How does an independent woman fit in the church? Not very well, because our cultural and institutional structures are intentionally designed to make women dependent. The idea that a woman can and should hold agency to herself runs counter to the ideal of self-sacrificing wife and motherhood set on a pedestal at the center of LDS discourse on womanhood.
When I was a senior at BYU-Idaho, a solid almost twenty years in the past, I was a counselor in the Relief Society for our ward. We were, of course, overseen by a married older woman. She once had us over for dinner. As a senior in college, I was mostly concerned with the next step of my career and the apprehension of leaving school to become a fully-fledged adult. The other members of the presidency were dating serious boyfriends and the conversation mostly focused on that topic. “Who are you dating?” instead of “what are your next plans?” or “How’s your education coming along?” or even “what are you learning from your leadership role?” struck me. That moment was one where I truly felt the marriage market pressure. I was 22, not dating, wasn’t interested in dating, and had made my impending career my central purpose. I was over the hill and an ill fit.
It’s been well documented that our church infantilizes single, unmarried women of all ages, but I was also surprised when I did later marry and have children.
The internal and external pressure I felt in the early years of my role as a parent to prioritize the role of mother over any other aspects of my whole self led to deep unhappiness. It seems like, even now, whenever I make a move in my career, I have to answer the question “what about the children?” I struggled in the early baby and toddler years to recognize that it was permissible to spend time and money on myself.
Once again, I was somewhat of an ill-fit. The role of primary caregiver was a mire of depression, anxiety, and overwhelm for me. My efforts to alleviate the issue didn’t make me any better of a fit in patriarchy.
I found returning to my career sustained me, but I appeared like a stay-at-home parent because I worked remotely. I was sending the kids to a babysitter and feeling hefty guilt about it. I was rediscovering my love of lap swimming to put movement and me-time back in my life but feeling pressed to squeeze it all in at the edges of my life, because the kids were supposed to be the center.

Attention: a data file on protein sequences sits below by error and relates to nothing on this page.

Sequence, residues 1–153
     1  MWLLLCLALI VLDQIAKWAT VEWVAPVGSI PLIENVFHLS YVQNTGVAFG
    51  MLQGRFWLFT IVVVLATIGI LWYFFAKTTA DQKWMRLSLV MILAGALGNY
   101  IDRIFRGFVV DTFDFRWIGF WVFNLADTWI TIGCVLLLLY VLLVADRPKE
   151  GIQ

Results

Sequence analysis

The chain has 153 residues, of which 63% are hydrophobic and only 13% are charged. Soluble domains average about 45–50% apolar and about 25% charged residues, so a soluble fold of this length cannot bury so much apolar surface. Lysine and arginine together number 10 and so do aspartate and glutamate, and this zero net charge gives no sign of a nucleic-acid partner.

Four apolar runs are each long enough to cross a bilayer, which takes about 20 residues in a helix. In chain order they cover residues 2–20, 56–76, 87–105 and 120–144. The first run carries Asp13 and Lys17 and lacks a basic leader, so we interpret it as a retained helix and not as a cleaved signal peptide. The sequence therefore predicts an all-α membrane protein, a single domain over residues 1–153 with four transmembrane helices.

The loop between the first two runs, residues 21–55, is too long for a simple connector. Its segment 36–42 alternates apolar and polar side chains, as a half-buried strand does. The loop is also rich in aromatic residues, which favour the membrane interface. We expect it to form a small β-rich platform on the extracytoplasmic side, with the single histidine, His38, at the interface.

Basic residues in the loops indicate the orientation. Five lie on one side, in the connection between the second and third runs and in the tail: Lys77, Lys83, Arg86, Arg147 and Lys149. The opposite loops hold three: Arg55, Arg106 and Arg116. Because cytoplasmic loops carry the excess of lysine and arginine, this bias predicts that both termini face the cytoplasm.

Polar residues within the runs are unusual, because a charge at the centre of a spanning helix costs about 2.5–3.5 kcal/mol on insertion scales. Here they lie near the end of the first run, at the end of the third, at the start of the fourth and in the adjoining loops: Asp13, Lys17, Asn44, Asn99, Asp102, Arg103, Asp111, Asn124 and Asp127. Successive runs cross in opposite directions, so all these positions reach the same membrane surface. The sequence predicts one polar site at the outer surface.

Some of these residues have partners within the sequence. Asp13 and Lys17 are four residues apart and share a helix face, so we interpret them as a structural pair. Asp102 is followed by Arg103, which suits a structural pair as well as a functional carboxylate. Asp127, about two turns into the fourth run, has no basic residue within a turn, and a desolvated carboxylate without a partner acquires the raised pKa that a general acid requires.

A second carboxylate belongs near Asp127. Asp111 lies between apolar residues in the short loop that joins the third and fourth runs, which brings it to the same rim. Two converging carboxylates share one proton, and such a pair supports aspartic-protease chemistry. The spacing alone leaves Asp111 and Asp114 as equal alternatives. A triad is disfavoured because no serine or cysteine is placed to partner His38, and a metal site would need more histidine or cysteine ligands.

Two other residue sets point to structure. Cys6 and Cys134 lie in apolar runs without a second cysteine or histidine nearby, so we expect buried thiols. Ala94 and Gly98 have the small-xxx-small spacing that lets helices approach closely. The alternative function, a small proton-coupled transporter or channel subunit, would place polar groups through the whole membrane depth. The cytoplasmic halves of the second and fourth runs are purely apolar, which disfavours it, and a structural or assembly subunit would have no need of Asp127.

My spouse, who did not grow up in the church, wasn’t the source of this. I had to work out what I really felt internally and to untwist the knots that had been made by what I had been taught over the years. Somehow, I had to learn to reserve my own agency and to actively protect it, when passivity and protection and dependence were what I was taught was right. It’s been an uneven journey.
Now that I am the parent of a seven-year-old daughter, this journey has greater significance. I want her to be able to advocate for herself, to protect her economic and relationship agencies, to live her life intentionally and to take risks where she believes she can. What I am (hopefully) modeling for her and teaching her will be very different from what was modeled and taught to me. Where I have had to push back against what I was taught, I hope she will instead feel that she has the lift to fly.
I am reminded of the profound line from Barbie, when Ruth speaks, “we mothers stand still so our daughters can see how far they’ve come.”
If my daughter knows that marriage is a choice instead of an inevitability, that her inherent value and worth is not tied to either marriage or parenthood, that she can take risks and be ambitious without shame, and that she is her own person who can develop strong relationships and connections without becoming subservient to them, she will have gone further down the path than I and I will rejoice to see it.